Is Apple Set For A Google-Sized EU Fine?

It's the Google search manipulation case all over again -- only this time we have its arch mobile rival, Apple, potentially sitting in the dock courtesy of the complainant, Spotify.

Yesterday the Swedish streamer called for the European Commission to effectively repeat the case where Google was investigated for favouring itself in search, leading to a 2.4bn Euros fine. That was a record until Google got hit with a 4.34bn Euros fine over an anti-trust case concerning its mobile platform, Android.

I've had many conversations with many people across the EU and it seems the US tech giants do not grasp the simplest of inescapable facts. When you run a market, it's probably best not to compete in that market with the customers who use the market you have created. If you must, then you have to be completely transparent and offer a level playing field.

Google fell foul of this simple axiom by creating new boxes in search results which regulators felt gave it an advantage. 

Apple is now being accused of doing much the same to Spotify. Everybody knows Apple is a pretty mercenary organisation. The 30% fee it takes from developers selling apps and app subscriptions is widely regarded as being a little on the heavy side. 

Spotify's point is that it meant its Premium service is at a disadvantage compared to Apple's equivalent. Any European Commission investigation will no doubt look at whether Apple charges its own music streaming service a 30% fee for downloads from the App Store and then further question that, even if it does, whether it counts that one part of a tech giant is paying the other. The answer would have to be that Apple is effectively forcing a 30% fee on its rivals.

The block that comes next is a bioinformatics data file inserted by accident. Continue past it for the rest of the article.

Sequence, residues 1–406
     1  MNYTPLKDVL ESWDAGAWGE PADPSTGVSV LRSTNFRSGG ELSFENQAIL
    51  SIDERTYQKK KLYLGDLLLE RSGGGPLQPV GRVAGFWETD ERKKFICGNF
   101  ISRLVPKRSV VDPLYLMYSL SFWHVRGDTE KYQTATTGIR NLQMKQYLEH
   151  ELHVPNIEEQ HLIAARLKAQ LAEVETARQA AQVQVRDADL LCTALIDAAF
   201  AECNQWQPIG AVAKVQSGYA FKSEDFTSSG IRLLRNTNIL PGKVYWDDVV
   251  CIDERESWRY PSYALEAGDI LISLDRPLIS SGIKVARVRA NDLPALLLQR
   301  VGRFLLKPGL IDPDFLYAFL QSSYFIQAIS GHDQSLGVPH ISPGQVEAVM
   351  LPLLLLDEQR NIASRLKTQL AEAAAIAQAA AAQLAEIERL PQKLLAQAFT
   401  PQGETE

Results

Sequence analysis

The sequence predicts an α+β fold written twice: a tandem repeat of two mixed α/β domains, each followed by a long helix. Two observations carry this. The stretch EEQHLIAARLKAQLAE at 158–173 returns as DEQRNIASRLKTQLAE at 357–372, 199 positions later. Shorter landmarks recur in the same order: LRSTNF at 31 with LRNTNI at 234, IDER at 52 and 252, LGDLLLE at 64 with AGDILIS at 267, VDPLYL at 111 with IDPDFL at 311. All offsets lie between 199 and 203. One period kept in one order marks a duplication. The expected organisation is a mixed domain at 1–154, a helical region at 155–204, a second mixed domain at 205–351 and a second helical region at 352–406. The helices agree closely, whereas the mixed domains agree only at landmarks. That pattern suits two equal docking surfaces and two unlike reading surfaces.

Spotify also has made a list of five complaints, including how it claims Apple makes it difficult to communicate upgrade offers and empower customers to upgrade.

In short, Spotify is claiming that Apple treats customers too much as its own and only allows interaction through the App Store, which is effectively Apple's way of getting 30% of revenue. The Swedish streamer complains this means only savvy customers who can be bothered to go online through a computer, and avoid their iOS device, can upgrade and find out about new offers without Apple's oversight. 

Spotify is also angry at being barred from Siri-controlled devices such as the Home Pod, while Apple allows its own music service to run unfettered. There's a video which outlines the points that has gotten the Swedish streamer so annoyed, it has given up talking to Apple and lodged a formal complaint with the European Commission.

Tech giant Goliath vs European plucky start-up? It's hard to see how the European Commission is going to do anything other than support Spotify, if it decides there is a case to be answered.

So start up your engines -- my prediction is that we will have another anti-trust case which Apple will find hard to defend. The moment it started its own streaming service and was charging rivals 30% for downloads and barring Spotify from being on its voice-activated speakers, then there was always going to be a case to answer.

If I were a tech giant, the European Commission is the last place I would want to be pleading my case too right now.

Next story loading loading..